GanglionsWritten by Dr Richard Lawson FRACS - Hand Surgeon
What is a ganglion?
A ganglion is a mucous filled cyst. Most importantly, it is not malignant or cancerous and is not dangerous in the same way that a cancer is.
Why do ganglions form?
We are not sure exactly why they form. Ganglions may arise from areas of degeneration in ligaments or the capsules of joints. However, ganglia can occur in young patients where degeneration would not be expected. They may represent pouches of the normal recesses within joints.
Do they grow?
Ganglia can get bigger and can also shrink. Sometimes they can seem to go away completely.
Where are ganglia found?
Ganglia tend to present in certain characteristic areas. The most common is on the back of the wrist joint; slightly less common is the front of the wrist joint. They are also often found on the front of the fingers.
How are ganglions treated?
Some need no treatment. Many patients are reassured after learning that the lump is not a cancer.
If the ganglion is causing trouble, one can consider aspirating it (sucking the fluid out with a needle). This is a fairly simple procedure and will successfully treat a small percentage of ganglia. Ganglia at the front of the fingers respond better than other types to this treatment.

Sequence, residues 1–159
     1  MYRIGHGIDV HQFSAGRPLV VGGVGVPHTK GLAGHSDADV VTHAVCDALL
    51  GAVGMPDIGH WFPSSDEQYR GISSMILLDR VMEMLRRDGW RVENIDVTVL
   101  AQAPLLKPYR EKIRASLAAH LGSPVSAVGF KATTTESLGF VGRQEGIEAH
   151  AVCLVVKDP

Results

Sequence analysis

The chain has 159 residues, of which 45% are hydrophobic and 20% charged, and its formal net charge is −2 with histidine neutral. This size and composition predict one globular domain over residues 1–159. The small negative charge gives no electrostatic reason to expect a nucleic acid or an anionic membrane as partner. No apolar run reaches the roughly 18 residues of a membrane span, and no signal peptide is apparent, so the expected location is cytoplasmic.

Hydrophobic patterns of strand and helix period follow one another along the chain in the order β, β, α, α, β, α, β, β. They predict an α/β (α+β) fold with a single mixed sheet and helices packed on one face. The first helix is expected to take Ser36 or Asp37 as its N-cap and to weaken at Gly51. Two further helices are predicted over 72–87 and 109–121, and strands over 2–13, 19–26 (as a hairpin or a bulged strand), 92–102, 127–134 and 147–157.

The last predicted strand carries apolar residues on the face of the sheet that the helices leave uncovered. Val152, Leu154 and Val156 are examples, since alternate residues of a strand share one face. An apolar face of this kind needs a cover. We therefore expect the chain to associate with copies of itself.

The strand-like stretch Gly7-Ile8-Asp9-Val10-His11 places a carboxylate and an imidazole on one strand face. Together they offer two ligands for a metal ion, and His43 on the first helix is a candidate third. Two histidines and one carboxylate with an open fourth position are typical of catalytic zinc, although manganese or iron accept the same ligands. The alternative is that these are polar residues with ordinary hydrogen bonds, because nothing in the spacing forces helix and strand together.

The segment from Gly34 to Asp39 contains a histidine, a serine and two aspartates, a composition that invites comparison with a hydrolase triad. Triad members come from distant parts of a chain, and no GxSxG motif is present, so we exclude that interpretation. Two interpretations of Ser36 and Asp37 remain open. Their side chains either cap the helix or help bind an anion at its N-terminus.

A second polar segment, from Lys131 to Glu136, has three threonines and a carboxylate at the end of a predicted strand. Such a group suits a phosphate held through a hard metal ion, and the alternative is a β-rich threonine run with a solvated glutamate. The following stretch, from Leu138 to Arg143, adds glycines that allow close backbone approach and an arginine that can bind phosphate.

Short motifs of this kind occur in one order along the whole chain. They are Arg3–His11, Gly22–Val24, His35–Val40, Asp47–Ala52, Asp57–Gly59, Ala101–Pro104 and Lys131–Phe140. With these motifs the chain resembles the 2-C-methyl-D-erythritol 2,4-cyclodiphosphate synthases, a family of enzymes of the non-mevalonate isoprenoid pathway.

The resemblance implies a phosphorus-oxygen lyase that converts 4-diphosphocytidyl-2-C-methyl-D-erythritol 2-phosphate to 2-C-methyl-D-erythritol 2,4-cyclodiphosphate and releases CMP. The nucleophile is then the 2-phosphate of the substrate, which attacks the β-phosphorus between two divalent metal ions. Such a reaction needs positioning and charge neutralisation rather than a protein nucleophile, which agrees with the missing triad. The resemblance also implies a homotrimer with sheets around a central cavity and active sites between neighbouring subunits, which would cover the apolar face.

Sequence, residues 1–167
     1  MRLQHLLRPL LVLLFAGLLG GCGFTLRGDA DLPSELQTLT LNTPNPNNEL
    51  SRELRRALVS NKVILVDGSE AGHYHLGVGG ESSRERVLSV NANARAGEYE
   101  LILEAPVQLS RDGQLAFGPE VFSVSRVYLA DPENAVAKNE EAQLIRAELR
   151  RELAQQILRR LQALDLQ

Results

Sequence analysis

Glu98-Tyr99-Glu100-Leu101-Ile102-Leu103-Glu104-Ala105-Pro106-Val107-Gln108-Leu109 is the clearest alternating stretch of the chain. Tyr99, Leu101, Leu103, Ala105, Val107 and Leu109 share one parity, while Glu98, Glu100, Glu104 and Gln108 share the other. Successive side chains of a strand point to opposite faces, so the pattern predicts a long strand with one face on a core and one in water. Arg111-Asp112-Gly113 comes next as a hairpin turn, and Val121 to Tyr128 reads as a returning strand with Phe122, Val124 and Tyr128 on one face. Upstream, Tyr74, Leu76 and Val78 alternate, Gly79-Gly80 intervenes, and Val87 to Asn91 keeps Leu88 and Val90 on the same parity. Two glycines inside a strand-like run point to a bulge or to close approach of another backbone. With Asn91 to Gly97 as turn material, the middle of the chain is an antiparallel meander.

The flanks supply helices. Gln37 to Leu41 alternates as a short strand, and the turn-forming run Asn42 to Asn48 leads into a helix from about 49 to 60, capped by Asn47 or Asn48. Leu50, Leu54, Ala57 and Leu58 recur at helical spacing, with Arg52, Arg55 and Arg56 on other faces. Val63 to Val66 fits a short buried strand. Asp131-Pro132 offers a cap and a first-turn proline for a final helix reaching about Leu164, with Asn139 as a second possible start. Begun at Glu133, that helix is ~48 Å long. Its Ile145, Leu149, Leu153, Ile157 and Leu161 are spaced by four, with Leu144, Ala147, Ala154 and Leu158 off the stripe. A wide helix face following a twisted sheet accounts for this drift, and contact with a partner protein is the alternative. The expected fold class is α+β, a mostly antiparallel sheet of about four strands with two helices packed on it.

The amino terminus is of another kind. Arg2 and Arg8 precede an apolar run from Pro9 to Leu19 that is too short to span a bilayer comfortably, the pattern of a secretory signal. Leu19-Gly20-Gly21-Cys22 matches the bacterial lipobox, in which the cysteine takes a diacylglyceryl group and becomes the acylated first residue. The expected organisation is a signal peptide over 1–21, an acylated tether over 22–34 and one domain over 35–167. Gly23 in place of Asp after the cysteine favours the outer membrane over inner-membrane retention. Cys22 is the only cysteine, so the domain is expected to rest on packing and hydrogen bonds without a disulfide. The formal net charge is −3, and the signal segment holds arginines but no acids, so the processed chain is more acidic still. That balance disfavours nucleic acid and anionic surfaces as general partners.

When do ganglions need to be surgically treated?
If the diagnosis of a ganglion has been confirmed (usually with an ultrasound), the ganglion doesn’t absolutely have to be removed. Common reasons for wanting to have the lump removed include pain, stiffness and objections to the appearance of the swelling if it is large.
What does surgery entail?
Ganglion surgery is usually day stay surgery. A small incision is made over the ganglion and the lump is removed and the skin sutured. Local anaesthetic is injected into the area to help with post operative pain relief.
After the surgery the main problems are stiffness and sensitivity of the scar. The former can be prevented by conscientious movements of the hand; the latter by massaging the scar with moisturising cream from around two weeks after surgery. Infection can occur as with any operation and is treated with the appropriate antibiotics.
Can ganglions recur after surgery?
Yes. Ganglions on the dorsum of the wrist have a recurrence rate of around 5%. The recurrence rate in other areas is slightly higher.